Off The Grid: Heart&Slash
Allison Winters digs tiny robots.
My first impressions of Heart&Slash were two parts annoyance to one part confusion. The combat was flighty, the enemies were kicking my can all over the place, the map layout was confusing and selecting weapons was a right pain in my rear. However once I took a moment to catch my breath and make a few control changes, I found the game to be enjoyable and despite earlier frustration I was hooked.
Heart&Slash has elements of a genre known as the roguelike, a type of game known for being rather unforgiving. I am glad that the genre is gaining more prevalence as of late thanks to games like Binding of Isaac or Spelunky, letting whole new groups of people learn how to hate themselves properly. Joking aside, it’s enjoyable to have nothing but a grab bag of equipment and survive on nothing but your wits and dumb luck. Most of these games tend to be role playing games, however Heart&Slash instead seeks to merge the roguelike elements into a third person action game. It adds up to a game that, while seeming a tad derivative in some aspects, manages to create a great experience.
The combat itself wouldn’t be out of place in a Devil May Cry game albeit lacking that series’ flashiness. You, as the titular Heart Robot, are given a random set of tools and go around through a randomly generated map, slashing through enemies and finding better equipment. There are various classes of weapons, i.e blades, hammers, guns, etc., all with their own set of combos that are unique to that style of weapon while also having each weapon play somewhat differently from its brethren. For example the saber has a superior air combo while the Volt saber’s moveset is more focused on having you dart around as each attack is executed,reminiscent of a kid on a sugar high horsing around. There’s a massive amount of variety to each playthrough since you’ll never know what you get to start out with.
Each death brings a new opportunity to start anew with different equipment and hopefully a better outcome. Throughout each session of the game you defeat enemies they drop bolts and hearts. The latter does what one would expect and fill up your health and the former goes towards your upgrade points. Collect enough and you receive one upgrade point to improve either you or your equipment, with most upgrades costing between one and three points. If you die without using your upgrade points then they stick around to hopefully make the next run go smoother.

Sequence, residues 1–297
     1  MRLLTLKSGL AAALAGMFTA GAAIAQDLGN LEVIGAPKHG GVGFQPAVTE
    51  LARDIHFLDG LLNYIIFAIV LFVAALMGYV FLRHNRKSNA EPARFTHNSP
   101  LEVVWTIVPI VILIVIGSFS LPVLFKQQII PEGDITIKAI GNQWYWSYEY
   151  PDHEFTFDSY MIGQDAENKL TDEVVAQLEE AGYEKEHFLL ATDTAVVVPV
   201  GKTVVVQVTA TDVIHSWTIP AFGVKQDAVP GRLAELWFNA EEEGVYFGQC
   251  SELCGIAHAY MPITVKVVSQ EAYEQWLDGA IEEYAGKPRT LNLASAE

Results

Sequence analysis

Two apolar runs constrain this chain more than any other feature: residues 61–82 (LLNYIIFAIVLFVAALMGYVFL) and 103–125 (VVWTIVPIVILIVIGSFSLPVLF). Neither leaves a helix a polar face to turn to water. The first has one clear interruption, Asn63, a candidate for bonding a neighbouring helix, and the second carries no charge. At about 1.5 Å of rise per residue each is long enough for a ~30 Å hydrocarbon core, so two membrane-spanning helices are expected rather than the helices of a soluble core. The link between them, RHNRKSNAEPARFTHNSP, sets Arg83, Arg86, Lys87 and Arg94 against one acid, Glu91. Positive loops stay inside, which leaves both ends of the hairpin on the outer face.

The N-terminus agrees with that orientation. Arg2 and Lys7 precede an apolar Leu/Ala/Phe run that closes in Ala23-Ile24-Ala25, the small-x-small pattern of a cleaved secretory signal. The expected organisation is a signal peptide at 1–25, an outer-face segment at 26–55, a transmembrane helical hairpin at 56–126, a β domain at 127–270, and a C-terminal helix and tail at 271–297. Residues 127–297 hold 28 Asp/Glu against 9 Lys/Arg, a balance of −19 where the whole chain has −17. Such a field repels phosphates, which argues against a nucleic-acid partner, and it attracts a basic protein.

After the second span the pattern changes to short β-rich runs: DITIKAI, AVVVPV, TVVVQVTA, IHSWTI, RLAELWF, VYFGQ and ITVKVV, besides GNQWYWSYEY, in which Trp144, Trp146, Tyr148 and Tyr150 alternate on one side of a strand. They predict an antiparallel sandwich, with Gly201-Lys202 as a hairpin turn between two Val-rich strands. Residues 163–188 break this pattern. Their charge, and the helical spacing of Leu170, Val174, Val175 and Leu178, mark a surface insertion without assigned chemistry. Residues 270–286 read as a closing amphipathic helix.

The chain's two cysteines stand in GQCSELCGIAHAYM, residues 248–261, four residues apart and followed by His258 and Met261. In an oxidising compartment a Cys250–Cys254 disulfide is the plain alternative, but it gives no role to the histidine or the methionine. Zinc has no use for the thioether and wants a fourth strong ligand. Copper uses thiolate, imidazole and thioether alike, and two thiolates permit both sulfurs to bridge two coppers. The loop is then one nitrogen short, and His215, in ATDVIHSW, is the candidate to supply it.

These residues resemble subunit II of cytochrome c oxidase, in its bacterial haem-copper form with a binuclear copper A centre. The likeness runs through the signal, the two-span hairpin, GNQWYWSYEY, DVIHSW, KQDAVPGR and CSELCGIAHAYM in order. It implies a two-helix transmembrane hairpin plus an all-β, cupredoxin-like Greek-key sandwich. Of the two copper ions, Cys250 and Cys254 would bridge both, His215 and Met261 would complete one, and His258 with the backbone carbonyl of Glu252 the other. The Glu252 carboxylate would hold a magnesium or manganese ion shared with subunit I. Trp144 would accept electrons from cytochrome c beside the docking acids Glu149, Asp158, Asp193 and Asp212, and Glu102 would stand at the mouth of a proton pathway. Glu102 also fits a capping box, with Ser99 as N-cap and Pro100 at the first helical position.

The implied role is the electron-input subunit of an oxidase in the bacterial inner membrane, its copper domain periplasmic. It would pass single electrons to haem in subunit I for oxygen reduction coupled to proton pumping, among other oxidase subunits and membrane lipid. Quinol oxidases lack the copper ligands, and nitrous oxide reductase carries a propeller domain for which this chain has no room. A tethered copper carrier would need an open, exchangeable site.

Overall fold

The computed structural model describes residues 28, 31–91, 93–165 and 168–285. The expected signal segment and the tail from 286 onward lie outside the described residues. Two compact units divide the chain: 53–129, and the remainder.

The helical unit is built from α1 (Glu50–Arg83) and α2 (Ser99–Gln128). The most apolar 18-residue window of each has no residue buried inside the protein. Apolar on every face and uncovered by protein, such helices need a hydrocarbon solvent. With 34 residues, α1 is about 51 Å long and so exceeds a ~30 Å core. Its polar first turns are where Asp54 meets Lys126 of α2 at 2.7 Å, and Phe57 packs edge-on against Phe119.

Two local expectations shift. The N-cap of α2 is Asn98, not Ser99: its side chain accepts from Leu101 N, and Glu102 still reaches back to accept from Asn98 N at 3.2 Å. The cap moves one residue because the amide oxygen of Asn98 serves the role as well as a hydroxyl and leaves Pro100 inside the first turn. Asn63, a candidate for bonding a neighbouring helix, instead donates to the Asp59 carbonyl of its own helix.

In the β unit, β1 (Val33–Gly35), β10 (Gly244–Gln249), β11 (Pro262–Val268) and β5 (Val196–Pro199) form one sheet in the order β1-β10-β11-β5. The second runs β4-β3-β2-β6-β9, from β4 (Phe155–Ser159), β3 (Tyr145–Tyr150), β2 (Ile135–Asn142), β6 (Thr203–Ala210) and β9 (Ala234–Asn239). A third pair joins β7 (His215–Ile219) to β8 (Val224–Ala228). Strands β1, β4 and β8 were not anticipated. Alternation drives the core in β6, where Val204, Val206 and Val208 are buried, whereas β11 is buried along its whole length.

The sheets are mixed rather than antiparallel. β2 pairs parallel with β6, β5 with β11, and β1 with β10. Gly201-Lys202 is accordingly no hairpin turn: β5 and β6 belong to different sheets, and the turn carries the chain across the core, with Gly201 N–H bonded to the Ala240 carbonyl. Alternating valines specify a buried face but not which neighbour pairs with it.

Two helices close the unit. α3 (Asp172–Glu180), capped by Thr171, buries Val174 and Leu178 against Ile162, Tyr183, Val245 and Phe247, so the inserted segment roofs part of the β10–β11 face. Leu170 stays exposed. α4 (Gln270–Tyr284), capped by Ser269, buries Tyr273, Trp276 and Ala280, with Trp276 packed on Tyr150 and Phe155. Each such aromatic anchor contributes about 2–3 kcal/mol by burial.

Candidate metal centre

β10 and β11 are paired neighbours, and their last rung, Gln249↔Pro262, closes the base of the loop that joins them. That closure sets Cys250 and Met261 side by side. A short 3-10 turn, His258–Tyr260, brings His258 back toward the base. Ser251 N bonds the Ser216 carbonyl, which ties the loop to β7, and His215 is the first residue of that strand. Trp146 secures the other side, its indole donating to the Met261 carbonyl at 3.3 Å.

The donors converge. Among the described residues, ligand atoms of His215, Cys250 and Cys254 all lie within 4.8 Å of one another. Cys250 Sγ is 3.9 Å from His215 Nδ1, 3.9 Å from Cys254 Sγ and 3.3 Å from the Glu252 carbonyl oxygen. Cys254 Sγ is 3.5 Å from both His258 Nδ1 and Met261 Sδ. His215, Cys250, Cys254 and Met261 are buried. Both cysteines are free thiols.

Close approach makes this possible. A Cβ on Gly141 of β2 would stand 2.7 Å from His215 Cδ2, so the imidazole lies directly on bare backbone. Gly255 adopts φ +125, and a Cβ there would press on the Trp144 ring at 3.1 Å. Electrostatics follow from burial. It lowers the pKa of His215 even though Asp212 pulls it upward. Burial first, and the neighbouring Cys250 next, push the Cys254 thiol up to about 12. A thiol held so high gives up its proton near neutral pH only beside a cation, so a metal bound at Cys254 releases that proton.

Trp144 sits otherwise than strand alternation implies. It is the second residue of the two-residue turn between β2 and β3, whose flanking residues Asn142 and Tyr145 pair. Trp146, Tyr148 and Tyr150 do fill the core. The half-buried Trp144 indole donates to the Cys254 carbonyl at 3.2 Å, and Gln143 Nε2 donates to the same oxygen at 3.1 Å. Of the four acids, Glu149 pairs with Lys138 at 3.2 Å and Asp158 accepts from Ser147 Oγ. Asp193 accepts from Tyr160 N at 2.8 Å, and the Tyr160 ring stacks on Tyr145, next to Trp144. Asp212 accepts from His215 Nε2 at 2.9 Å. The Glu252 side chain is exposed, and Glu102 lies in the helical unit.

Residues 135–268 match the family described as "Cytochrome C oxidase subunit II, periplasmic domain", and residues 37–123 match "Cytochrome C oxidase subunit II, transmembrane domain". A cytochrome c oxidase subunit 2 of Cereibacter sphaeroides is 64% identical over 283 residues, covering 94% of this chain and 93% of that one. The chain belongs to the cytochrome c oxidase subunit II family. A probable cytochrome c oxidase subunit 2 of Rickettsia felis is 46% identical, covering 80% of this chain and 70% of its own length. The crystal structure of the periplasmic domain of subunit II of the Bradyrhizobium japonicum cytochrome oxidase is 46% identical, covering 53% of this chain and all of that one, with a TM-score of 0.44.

At first, the combat almost moves way too fast and I found myself flying past enemies and whiffing the air. After a while and numerous deaths, I started to get the hang of how to move, zip, and dodge enemies. The systems become second nature fairly quickly, and make playing come with great ease. At least, given a player less awful than I am. Certain enemies resist certain elements or weapons but honestly it hardly comes up, and while it’s easy to tell once you get what you’re looking for, it’s ultimately pointless. A fully upgraded weapon can tear through most enemies outside of bosses like tissue paper.
The story is par for the course and rather simple: it’s been 100 years since robots annihilated the human race and you play as Heart, a robot woken up for some reason to take down another more scary robot for some reason. I’ll admit I’m not too deep into the story simply because again I’m awful at it and haven’t progressed that far. It actually seems to be a joke that everyone else is quite clear to their role in the story except Heart and they’re just sort of going along with it. I have a feeling that this could lead to a few big pay-offs but for now, it’s just funny banter between Heart and rival robot, Slash. It gives the game a lightness of tone that makes it rather charming.
The art and music work to further that sense of fun that the game has fostered. The art is bright and colorful with the enemies all being distinct at a glance, again helping with the color coded weaknesses. Sporting a CRT TV for a head, Heart themself looks like someone jazzed up the robot from FLCL and gave them interchangeable parts. The music is ungodly catchy and despite dropping quite a few hours into the initial factory stage the music has never once been tired or grating. I’ll find myself humming along and just enjoying it.
Heart&Slash is an excellent way to introduce people to the roguelike genre. Offering new players some leeway in the inevitable death with the transferable upgrade points while those who are entrenched in the genre will still find a good time in it’s fun weapon system and steep challenge. This may be the happiest game about mass murder since Persona 4.